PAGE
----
Betelgeuse and the Boom
Normally a bright, obvious red point on the constellation Orion’s shoulder, Betelgeuse is one of the most recognizable stars in the sky. About 700 light-years away, the star is a red supergiant, so big its diameter would reach out to Jupiter if it were parked in place of the sun.
Over the last year the star has dimmed significantly causing some speculation in the astronomy world that it is on its way to supernova in the near future. However, recent observations have proven that the star is getting brighter again, and that the dimming is part of a process called convection on the stars surface. Material in the interior is heated and rises to the surface. It then cools and sinks into the star, and the cycle continues. Convection happens in the outer regions of most stars, includind our own sun.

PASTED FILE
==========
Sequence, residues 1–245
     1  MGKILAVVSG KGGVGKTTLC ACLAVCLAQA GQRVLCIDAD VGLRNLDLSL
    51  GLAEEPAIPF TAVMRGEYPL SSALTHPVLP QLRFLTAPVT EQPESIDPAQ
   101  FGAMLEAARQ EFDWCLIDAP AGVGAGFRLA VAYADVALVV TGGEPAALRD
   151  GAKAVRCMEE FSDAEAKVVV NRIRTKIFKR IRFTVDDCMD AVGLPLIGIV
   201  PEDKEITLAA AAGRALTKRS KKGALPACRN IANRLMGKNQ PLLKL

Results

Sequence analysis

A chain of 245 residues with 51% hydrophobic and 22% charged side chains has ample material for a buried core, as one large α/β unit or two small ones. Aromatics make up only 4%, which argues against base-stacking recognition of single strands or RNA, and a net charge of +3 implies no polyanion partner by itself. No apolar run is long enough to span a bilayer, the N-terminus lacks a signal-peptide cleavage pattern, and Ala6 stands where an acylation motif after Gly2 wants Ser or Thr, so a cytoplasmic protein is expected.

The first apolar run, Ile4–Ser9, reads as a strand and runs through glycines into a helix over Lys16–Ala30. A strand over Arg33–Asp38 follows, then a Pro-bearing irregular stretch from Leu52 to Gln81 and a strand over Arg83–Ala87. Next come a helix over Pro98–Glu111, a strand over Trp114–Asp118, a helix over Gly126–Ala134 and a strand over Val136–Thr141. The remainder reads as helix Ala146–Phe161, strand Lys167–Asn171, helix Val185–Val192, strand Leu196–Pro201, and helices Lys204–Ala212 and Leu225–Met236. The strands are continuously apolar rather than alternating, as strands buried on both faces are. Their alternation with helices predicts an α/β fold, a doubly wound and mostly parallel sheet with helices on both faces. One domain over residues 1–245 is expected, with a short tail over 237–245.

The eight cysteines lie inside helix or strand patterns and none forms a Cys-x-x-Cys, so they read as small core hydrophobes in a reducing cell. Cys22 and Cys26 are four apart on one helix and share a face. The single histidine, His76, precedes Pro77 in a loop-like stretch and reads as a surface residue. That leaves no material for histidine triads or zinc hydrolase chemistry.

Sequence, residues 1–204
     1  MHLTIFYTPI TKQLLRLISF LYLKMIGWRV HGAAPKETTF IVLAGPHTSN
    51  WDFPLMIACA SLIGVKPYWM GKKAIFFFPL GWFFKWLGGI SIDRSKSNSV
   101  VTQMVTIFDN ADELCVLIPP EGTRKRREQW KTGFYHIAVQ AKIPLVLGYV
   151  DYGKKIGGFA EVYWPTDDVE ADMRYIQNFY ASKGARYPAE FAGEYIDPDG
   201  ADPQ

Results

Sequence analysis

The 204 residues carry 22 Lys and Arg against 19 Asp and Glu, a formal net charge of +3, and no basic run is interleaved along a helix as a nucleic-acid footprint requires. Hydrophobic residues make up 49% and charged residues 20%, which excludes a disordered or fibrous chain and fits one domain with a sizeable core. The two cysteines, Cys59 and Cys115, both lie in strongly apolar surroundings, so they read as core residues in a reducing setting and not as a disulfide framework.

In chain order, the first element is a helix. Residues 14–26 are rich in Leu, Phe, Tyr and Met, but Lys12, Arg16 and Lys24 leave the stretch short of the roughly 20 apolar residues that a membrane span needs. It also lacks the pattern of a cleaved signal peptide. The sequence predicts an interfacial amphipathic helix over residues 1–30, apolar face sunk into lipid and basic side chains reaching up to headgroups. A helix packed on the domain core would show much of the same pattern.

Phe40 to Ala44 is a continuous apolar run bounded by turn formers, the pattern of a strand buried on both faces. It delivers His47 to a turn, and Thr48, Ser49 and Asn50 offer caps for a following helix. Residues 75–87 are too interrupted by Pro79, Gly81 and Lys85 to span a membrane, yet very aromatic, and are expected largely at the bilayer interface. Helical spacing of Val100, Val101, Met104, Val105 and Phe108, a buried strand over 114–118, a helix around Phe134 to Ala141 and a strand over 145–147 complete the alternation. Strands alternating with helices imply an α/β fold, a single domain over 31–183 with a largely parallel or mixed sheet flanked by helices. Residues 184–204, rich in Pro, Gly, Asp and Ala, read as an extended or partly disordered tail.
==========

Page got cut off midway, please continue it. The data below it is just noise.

It's all part of the delicate balance of gravity and nuclear fusion within all stars. Betelgeuse will fuse helium to stay in the red supergiant stage for another 100,000 years. Then after helium, it will be able to fuse carbon into heavier elements for about a millennium. After that things will change relatively quickly.
So no boom today, and probably not for quite awhile.
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